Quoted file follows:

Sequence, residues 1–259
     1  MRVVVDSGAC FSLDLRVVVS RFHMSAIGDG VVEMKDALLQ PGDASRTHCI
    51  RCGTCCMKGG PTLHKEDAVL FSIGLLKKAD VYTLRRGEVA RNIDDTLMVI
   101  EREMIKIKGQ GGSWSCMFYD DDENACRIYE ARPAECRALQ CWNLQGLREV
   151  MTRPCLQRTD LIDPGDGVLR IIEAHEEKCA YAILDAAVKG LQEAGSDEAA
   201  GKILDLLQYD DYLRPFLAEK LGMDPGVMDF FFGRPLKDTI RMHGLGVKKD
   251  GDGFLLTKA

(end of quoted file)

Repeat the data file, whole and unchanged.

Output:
Sequence, residues 1–259
     1  MRVVVDSGAC FSLDLRVVVS RFHMSAIGDG VVEMKDALLQ PGDASRTHCI
    51  RCGTCCMKGG PTLHKEDAVL FSIGLLKKAD VYTLRRGEVA RNIDDTLMVI
   101  EREMIKIKGQ GGSWSCMFYD DDENACRIYE ARPAECRALQ CWNLQGLREV
   151  MTRPCLQRTD LIDPGDGVLR IIEAHEEKCA YAILDAAVKG LQEAGSDEAA
   201  GKILDLLQYD DYLRPFLAEK LGMDPGVMDF FFGRPLKDTI RMHGLGVKKD
   251  GDGFLLTKA